For a semiconductor based biosensor, functionalization of the surface and the stability of the semiconductor-biomolecule interface are the primary issues to be addressed by researchers. We have investigated a variety of strategies to passivate (001) GaAs surface with a long chain hexadecanethiol (C16H33SH: T16). GaAs substrates were cleaned and etched either with ArF excimer laser irradiation in an atmospheric environment or with conventional wet etchants. The effect of surface passivation and stability of the interface were evaluated using photoluminescence (PL) measurements. Significant cleaning of the (001) GaAs surface has been achieved with an ArF laser, as evidenced by the up to 4-fold increase of the PL signal. This compares to the 12-fold enhancement of the PL signal from samples that were alternately etched in solutions of NH3/H2O and HCl/ethanol. A combination of a diluted base and an acid possibly provides the cleanest surface and therefore the highest surface functionalization efficacy and long term stability upon thiolation.
We have investigated the deposition of biotinylated nano-beads on the surface of GaAs. The deposition procedure involved either direct coating of (001) GaAs with nano-beads, or binding the nano-beads with avidin immobilized on the surface of (001) GaAs through the interface of biotin and the NH2 terminal group of 11-amino-1-undecanethiol (HS(CH2)11NH2). The efficiency of binding was tested by washing the samples in a solution of a commercial detergent and by subjecting them to a deionized water ultrasonic bath. The results indicate that nano-beads deposited directly on the surface of (001) GaAs withstand the detergent washing test but they are easily removed by ultrasonic washing. In contrast, the nano-beads attached to (001) GaAs through the avidin-biotin-thiol interface survive the ultrasonic washing tests.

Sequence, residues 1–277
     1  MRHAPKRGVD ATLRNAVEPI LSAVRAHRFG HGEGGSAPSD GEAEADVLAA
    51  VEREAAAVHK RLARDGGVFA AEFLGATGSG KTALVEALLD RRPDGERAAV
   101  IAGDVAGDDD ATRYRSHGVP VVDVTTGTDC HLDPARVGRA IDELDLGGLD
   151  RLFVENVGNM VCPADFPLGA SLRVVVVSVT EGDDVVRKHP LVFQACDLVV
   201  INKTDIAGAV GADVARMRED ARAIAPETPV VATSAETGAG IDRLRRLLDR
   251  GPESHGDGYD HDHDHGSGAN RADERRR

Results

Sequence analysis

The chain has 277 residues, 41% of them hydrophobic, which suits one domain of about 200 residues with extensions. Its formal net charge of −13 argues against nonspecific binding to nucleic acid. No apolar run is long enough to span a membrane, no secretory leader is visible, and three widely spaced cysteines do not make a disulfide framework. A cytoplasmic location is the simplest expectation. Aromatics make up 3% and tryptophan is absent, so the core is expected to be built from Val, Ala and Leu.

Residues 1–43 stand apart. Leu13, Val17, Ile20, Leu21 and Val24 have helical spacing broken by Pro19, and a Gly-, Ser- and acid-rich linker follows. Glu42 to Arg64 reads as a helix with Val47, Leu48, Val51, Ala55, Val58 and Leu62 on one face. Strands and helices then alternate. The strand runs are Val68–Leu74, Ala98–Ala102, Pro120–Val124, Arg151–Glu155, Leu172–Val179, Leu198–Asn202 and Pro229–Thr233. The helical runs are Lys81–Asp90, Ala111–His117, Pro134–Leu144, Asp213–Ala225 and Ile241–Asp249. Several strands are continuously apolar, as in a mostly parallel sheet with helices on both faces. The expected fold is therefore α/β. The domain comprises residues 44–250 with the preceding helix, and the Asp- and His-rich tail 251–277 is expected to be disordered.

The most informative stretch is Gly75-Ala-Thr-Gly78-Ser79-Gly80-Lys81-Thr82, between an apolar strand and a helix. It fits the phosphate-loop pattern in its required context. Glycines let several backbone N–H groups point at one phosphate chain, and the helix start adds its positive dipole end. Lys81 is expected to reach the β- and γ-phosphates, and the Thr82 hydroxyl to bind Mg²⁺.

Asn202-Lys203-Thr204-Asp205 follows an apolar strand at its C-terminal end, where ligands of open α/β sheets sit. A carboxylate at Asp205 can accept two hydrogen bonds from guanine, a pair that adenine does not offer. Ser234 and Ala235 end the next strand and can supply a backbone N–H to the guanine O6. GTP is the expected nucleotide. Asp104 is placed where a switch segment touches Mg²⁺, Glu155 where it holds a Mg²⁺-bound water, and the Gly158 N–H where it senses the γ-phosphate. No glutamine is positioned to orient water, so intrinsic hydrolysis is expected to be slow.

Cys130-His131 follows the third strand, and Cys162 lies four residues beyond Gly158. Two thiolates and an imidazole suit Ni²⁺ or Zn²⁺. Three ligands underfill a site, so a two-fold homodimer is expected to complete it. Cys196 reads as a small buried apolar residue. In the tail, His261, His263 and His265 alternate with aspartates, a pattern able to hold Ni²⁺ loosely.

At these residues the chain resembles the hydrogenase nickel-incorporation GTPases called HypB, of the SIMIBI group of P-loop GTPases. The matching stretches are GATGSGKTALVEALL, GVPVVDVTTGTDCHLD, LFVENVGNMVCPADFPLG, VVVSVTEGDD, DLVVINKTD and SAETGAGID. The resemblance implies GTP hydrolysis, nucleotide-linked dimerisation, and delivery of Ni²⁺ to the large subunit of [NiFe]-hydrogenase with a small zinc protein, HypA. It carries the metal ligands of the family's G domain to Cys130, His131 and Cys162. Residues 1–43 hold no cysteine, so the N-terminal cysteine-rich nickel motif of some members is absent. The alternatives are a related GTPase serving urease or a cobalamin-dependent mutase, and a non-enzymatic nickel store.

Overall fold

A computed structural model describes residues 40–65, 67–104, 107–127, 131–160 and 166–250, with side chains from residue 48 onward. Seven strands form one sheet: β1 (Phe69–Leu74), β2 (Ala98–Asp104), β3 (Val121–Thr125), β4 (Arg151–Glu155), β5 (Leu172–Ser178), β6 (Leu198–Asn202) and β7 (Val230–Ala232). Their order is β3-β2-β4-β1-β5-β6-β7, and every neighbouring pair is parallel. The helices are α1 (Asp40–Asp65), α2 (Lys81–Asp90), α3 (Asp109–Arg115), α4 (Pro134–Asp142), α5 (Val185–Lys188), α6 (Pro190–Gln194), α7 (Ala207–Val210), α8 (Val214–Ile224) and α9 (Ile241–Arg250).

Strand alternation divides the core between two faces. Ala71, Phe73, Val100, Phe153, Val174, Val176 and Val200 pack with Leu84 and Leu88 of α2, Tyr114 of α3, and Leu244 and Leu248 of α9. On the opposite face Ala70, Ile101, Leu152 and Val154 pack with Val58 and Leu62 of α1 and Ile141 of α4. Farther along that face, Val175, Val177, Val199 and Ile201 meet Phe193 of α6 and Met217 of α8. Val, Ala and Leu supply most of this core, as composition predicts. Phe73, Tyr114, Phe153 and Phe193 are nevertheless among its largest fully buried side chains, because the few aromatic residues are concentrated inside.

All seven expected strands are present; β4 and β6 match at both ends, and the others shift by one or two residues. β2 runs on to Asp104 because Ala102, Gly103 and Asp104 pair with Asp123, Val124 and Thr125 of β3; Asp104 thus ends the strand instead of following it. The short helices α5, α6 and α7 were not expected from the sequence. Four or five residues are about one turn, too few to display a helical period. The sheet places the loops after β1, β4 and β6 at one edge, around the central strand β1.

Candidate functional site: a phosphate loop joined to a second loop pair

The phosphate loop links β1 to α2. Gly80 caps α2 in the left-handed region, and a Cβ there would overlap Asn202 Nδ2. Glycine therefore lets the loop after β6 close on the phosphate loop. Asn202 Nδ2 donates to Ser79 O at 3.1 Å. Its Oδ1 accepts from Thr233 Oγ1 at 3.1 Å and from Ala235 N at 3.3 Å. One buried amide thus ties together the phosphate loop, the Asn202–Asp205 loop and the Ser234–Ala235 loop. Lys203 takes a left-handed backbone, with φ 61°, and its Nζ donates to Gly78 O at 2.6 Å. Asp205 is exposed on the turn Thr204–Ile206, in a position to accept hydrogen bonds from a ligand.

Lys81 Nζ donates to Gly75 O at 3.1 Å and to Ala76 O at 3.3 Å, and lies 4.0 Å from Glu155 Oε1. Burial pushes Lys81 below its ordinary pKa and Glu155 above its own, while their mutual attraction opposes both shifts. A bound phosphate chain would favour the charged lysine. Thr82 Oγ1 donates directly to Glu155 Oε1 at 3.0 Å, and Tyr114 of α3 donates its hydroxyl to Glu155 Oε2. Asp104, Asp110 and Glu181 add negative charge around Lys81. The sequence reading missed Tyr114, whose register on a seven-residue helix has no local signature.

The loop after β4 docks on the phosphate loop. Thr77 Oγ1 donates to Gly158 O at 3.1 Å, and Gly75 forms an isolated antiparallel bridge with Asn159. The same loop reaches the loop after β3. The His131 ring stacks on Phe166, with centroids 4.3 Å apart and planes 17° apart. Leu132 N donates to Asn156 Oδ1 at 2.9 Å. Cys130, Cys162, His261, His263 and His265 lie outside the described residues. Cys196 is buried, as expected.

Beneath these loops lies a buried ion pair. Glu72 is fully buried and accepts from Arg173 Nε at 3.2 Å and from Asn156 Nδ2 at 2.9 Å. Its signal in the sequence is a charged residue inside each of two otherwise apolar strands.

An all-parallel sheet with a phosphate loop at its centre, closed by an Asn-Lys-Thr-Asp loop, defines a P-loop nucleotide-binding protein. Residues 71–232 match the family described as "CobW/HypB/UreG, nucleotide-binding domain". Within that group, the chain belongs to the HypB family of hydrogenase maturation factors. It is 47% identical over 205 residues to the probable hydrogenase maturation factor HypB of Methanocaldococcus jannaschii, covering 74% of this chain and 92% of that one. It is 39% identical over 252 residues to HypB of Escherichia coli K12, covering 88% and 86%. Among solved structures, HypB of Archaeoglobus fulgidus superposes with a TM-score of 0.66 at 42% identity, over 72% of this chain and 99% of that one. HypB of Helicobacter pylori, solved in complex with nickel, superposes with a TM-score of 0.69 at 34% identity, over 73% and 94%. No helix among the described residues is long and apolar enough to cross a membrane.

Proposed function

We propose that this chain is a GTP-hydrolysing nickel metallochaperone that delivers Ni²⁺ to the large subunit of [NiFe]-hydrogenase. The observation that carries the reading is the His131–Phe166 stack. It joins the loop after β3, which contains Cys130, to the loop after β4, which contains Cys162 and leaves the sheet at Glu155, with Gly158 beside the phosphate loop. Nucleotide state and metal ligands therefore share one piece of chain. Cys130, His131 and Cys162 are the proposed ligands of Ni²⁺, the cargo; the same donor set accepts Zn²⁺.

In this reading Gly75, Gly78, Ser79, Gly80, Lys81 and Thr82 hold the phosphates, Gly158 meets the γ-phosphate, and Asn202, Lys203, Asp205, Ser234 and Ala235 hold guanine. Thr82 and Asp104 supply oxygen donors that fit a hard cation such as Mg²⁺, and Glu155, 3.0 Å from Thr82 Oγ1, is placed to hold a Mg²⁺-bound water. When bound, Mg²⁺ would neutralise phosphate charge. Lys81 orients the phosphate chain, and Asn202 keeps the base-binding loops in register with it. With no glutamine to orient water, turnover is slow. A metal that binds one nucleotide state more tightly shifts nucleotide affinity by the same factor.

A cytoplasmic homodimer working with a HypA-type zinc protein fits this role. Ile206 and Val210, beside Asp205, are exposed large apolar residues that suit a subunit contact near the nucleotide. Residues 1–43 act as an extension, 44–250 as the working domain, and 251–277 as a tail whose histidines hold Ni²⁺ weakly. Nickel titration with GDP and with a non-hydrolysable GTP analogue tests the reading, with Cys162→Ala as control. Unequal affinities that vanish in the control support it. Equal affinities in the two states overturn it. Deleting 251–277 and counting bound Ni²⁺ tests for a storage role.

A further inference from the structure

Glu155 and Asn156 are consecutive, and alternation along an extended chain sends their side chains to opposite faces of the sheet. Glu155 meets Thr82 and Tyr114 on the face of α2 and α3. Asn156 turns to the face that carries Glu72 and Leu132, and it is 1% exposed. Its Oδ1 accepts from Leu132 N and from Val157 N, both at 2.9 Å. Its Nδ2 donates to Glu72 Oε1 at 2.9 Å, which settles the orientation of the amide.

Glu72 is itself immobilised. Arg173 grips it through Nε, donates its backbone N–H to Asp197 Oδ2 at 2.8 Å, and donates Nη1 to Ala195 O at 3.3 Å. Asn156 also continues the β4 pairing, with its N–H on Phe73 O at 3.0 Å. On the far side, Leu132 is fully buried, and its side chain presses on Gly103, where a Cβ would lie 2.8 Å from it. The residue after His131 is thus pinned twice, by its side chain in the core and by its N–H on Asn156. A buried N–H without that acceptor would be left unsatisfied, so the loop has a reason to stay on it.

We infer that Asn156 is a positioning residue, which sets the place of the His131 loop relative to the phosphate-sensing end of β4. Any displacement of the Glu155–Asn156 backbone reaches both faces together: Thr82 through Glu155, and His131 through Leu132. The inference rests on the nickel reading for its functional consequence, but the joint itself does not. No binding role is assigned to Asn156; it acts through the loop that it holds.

Passivation of (001) GaAs surface was investigated with self-assembled monolayers (SAMs) of a variety of thiols having various methylene chain length and terminal groups. The effect of passivation was monitored by measuring the intensity of the GaAs-related photoluminescence (PL) signal excited with lasers operating either at 683 or 248 nm wavelengths. Generally, for each case of the thiol treated surface the PL signal was more intense than that from non-treated samples. Additionally, it was found that the thiol terminal groups play an important role in determining the methylene chain orientation in the SAMs and consequently the efficiency of the passivation. The methyl terminated methylene chain formed a layer of a closely packed and relatively thick film, which resulted in a significantly increased PL signal. In contrast, carboxylic acid group (-CO2H) terminated methylene chains formed thin and less compacted films, leading to only a slightly increased PL signal and less efficient passivation of the GaAs surface.